One of the cases the Supreme Court of Florida will be considering this Fall concerns “legislative privilege” – specifically, whether Florida legislators or legislative staff members can be forced to give deposition testimony and produce documents relating to legislation establishing new congressional districts.  See Fla. House of Representatives v. League of Women Voters of Fla.; Romo v. Fla. House of Representatives, Nos. SC13-949 & SC13-951, accepted for review July 2, 2013, on review from 113 So. 3d 117 (Fla. 1st DCA 2013).

Proceedings in the Trial Court

           When the Florida Legislature enacted a new redistricting plan in February of 2012, various individuals and organizations filed lawsuits claiming that the plan as a whole, and a number of individual districts, violated the Florida Constitution by impermissibly favoring Republicans and incumbents and by diminishing the ability of minorities to elect representatives of their choice.  The plaintiffs sought an order declaring the plan or the challenged districts unconstitutional and enjoining future elections. 

            Because the constitutional provision alleged to be violated prohibits drawing an apportionment plan with the intent to favor a political party or an incumbent or with the intent to deny or abridge the equal opportunity of minorities to participate in the political process, the plaintiffs served a notice of taking depositions of the Senate Majority Leader and two staff members to obtain evidence of the intent underlying the plan.  The plaintiffs also requested unfiled draft reapportionment maps and related documents.  The Legislature sought a protective order to prevent the depositions and, more broadly, prohibit the deposition of any legislator or legislative staff member based on “legislative privilege,” a privilege earlier established by Florida’s First District Court of Appeal in Florida House of Representatives v. Expedia, Inc. 85 So. 3d 517 (Fla. 1st DCA 2012).

            The trial court granted the Legislature’s motion for protective order in part and denied it in part, acknowledging Expedia, but reasoning that the legislative privilege “must bend somewhat” because of the constitutional requirement that the motive or intent of legislators be considered in determining the validity of the redistricting plan.  The court distinguished between “subjective” and “objective” information and concluded that only the subjective thought processes and confidential communications of legislators and their staff warranted the full protection of legislative privilege.  The court authorized the plaintiffs to depose legislators or staff members regarding objective information or communication that did not encroach on their subjective thoughts or impressions. The court applied the same subjective/objective dichotomy to the maps and documents, but ordered an in camera review.  The Legislature petitioned the First District Court of Appeal for certiorari review of the trial court’s order.

Proceedings in the First District Court of Appeal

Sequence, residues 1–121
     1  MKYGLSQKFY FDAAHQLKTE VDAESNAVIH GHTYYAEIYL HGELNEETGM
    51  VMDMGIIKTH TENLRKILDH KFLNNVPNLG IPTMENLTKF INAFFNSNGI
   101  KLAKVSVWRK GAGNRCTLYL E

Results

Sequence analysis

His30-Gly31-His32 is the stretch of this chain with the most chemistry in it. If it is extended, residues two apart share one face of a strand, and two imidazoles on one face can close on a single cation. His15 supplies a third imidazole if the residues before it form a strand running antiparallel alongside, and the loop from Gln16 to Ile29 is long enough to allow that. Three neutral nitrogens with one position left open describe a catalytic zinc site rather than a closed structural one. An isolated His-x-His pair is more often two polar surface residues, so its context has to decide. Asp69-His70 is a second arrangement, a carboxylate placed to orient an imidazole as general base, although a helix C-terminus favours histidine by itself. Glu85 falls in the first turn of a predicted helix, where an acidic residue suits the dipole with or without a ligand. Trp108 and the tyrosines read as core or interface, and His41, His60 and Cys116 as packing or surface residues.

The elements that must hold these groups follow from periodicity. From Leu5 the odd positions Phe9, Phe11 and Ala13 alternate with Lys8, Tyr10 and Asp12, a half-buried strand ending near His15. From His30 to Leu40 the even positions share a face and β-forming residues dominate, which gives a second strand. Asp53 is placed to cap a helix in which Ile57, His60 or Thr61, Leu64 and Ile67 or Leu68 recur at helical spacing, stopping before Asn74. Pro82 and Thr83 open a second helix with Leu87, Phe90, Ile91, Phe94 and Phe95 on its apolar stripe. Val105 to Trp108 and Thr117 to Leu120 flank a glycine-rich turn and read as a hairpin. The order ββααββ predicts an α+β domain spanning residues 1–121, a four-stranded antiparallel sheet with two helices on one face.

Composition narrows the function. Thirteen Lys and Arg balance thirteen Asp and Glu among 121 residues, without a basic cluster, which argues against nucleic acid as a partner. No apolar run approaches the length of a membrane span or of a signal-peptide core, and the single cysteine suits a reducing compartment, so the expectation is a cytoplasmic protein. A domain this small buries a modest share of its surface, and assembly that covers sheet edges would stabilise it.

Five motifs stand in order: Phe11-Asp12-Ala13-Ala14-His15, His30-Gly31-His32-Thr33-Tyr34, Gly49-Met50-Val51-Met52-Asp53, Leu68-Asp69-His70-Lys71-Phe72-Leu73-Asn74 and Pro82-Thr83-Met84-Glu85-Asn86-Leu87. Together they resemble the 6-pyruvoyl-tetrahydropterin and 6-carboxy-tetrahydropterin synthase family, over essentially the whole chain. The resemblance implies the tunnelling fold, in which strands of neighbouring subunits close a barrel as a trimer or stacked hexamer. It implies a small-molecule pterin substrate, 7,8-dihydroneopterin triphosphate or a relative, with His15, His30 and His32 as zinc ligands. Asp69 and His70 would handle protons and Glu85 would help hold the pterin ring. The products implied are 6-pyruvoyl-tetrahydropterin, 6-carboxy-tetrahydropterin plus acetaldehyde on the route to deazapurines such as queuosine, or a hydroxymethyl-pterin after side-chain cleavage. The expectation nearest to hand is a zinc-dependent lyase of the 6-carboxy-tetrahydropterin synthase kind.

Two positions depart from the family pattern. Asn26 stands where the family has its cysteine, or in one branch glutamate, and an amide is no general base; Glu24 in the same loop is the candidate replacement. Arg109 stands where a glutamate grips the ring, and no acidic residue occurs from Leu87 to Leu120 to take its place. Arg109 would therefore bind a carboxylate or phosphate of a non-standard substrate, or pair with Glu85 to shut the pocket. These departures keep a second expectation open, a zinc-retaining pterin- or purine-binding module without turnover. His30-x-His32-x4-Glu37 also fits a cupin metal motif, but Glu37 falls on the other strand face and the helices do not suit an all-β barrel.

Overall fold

The First District quashed the trial court’s order.  To view the First District’s slip opinion click here.  Relying heavily on its earlier decision in Expedia, the court determined that because Expedia held that legislative privilege broadly protects legislators and legislative staff members from being compelled to testify about any matter “that is an essential part of the legislative process” or pertains to the performance of “a legitimate legislative function,” the privilege equally protects subjective information like the legislator’s rationale or motivation for proposing or voting on a piece of legislation, and objective information like data or materials relied on by legislators and their staff in the legislative process.  The court concluded that the trial court departed from the essential requirements of law when it permitted the plaintiffs to depose legislators and legislative staff members on any matter pertaining to their activities in the reapportionment process.  The court added that the trial court’s objective/subjective dichotomy was unworkable because there was no clear demarcation between subjective and objective.  The court applied the same analysis to the plaintiffs’ request for maps and supporting documents, subject to Florida’s public records law. 

Dissenting Opinion

            Chief Judge Benton dissented on the basis that the First District had no jurisdiction “absent a demonstrated need to prevent irremediable harm.”  In his view, that harm had not been demonstrated because no one knew what questions would have been asked at the depositions, and “[t]he mere appearance for deposition of a senator and two staff persons” was not sufficient harm to justify certiorari review.  “The . . . Constitution makes plain that how and why the Legislature redistricts is a matter of paramount public concern.  Petitioners have fallen far short of demonstrating why failing to keep this quintessentially public business under wraps would work irreparable harm.”


           The Florida Supreme Court designated this case as “high profile” and expedited the briefing, which was completed on August 12, 2013.  Oral argument is scheduled for September 16, 2013 at 9:00 am.  To check the current status of this case, click on the hyperlinked supreme court case number at the beginning of this article.